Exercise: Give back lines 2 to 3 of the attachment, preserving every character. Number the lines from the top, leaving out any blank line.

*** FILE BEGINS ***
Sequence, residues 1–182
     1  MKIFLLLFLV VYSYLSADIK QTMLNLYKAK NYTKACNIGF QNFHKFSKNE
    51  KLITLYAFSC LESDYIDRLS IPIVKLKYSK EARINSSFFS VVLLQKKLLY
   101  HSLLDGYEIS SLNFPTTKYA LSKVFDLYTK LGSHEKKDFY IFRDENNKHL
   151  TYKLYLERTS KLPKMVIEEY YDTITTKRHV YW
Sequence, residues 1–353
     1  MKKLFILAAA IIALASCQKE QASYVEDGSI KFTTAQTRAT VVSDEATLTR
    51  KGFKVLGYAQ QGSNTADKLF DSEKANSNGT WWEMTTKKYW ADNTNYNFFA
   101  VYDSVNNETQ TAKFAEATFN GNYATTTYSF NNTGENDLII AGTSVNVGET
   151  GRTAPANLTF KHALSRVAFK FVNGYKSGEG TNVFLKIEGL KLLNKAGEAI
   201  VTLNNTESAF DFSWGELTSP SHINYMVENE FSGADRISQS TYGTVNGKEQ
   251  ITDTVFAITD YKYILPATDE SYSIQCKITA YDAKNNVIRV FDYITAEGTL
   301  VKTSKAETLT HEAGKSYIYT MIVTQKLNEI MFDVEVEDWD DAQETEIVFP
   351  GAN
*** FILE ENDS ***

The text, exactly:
     1  MKIFLLLFLV VYSYLSADIK QTMLNLYKAK NYTKACNIGF QNFHKFSKNE
    51  KLITLYAFSC LESDYIDRLS IPIVKLKYSK EARINSSFFS VVLLQKKLLY